The Geospatial Web: A Call to Action
What We Still Need to Build for an Insanely Cool Open Geospatial Web

by Mike Liebhold, contributor to O'Reilly's upcoming Mapping Hacks

Editor's note: In this article, Mike Liebhold writes about what we need to do to tap the as yet unharvested business opportunities in a geospatial web. This is just the type of topic we'll be exploring at the O'Reilly conference Where 2.0, coming to San Francisco in late June. Join us to learn how vendors, application developers, and consumer web companies are using GPS, RFID, WLAN, cellular networks, and networked sensors in new ways to solve old business problems.

Beyond a growing commercial interest in mobile GIS and location services, there's deep geek fascination with web mapping and location hacking. After several years of early experiments by a first generation of geohackers, locative media artists, and psychogeographers, a second, larger wave of hackers are demonstrating some amazing tricks with Google Maps, Flickr, and Meanwhile, a growing international cadre of open source digital geographers and frontier semantic hackers have been building first-generation working versions of powerful new open source web mapping service tools based on open standards like WMS (web map services) and WFS (web feature services), all built on GML (geographic markup language) and XML. You can see for yourself: hundreds of new geospatial web-related links from perhaps thousands of geeks and users are aggregated daily at

Out of this teeming ecosystem, we can see the beginning shapes of a true geospatial web, inhabited by spatially tagged hypermedia as well as digital map geodata. Google Maps is just one more layer among all the invisible cartographic attributes and user annotations on every centimeter of a place and attached to every physical thing, visible and useful, in context, on low-cost, easy-to-use mobile devices. In a recent email, Nat Torkington, organizer of the upcoming Where 2.0 conference, said it this way: "Everything is somewhere. Whether you're talking about assets, people, phone calls, pets, earthquakes, fire sales, bank robberies, or famous gravestones, they all have a location attached. And everything we touch in our lives, from groceries to digital photos, could have a location. From these locations we could learn a lot more about ourselves and build new economies."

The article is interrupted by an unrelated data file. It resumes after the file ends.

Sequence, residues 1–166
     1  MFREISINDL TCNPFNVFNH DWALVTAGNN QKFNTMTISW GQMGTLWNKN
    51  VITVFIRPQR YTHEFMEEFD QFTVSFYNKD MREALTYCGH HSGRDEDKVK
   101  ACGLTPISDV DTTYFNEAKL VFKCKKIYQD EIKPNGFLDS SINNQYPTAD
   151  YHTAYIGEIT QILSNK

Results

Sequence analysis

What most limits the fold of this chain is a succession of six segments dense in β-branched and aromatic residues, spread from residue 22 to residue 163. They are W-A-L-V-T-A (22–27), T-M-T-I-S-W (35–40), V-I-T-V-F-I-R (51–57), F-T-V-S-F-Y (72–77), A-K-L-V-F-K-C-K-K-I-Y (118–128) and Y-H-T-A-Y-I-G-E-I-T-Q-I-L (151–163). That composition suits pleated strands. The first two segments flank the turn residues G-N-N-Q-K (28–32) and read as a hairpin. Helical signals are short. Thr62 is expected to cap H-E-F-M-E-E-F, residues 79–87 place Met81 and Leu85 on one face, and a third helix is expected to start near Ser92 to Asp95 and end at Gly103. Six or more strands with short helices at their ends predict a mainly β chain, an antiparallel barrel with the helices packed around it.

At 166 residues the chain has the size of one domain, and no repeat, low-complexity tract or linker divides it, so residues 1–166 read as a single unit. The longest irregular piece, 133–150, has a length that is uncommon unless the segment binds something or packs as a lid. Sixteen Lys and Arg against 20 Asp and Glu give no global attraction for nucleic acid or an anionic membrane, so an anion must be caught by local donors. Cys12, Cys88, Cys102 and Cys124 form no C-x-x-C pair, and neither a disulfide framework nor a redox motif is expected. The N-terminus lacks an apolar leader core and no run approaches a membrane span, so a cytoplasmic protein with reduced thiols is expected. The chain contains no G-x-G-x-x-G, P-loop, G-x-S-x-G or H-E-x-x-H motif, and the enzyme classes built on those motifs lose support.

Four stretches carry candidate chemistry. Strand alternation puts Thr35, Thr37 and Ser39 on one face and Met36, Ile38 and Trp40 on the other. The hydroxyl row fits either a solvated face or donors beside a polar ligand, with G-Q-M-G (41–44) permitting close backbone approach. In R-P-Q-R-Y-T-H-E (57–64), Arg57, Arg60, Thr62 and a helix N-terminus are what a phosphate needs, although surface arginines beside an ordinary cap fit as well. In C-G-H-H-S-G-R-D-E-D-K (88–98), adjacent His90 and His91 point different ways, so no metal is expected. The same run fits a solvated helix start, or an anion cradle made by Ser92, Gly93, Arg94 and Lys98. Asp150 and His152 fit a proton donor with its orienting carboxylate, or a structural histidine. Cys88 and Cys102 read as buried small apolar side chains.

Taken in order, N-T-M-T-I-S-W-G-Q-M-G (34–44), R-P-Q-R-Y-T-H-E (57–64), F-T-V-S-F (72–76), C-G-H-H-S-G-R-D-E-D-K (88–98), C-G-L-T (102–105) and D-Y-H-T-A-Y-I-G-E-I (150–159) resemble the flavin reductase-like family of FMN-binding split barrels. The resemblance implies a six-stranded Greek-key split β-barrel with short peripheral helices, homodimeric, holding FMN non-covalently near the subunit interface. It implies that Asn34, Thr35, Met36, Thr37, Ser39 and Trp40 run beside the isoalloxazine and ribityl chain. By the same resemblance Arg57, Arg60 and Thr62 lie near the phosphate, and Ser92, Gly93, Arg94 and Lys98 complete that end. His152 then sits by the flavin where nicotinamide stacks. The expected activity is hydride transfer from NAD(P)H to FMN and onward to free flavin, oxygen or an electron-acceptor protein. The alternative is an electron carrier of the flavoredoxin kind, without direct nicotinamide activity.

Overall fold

We'll be able to view and utilize tags, pages, and graphic data about places far richer than the current yellow pages and commercial POIs (points of interest): environmental details; live, in-place cultural information, entertainment, and games; history, mythology, and social information about people nearby; geodemographics; micro-local commercial information; safety information based on data about health, accidents, and crime; political data, facilities details, and local public services; physical objects' material composition and origins; links to manufacturers' sites and help desks; instructions on uses; stories about prior use; user annotations; digital graffiti; user-created art; and location-tagged messages.

The first-generation internet and Web generated a huge amount of economic energy, and so will a geospatial web. So it needs the same high level of early, informed financial support from forward-thinking public servants, geospatial service entrepreneurs, and philanthropists.

However, while it is interesting to entertain ideas of early financial returns from geospatial web services, we all need to take a deep breath and perform a sober and unhyped assessment of where we are, and what we still need to do to enjoy the economic and creative benefits of a geospatial web. As Nat observes, "There are problems getting data. The mobile phone (the computer most people carry with them every day) is unnecessarily difficult to develop on. The underlying map data needed for even simple visualizations is not free in most of the world (and of dubious quality where it is free). And software and hardware builders are still thinking about shipping software and not building the infrastructure to power this revolution. With these and other obstacles out of the way, entire industries would be built around this ubiquitous location metadata."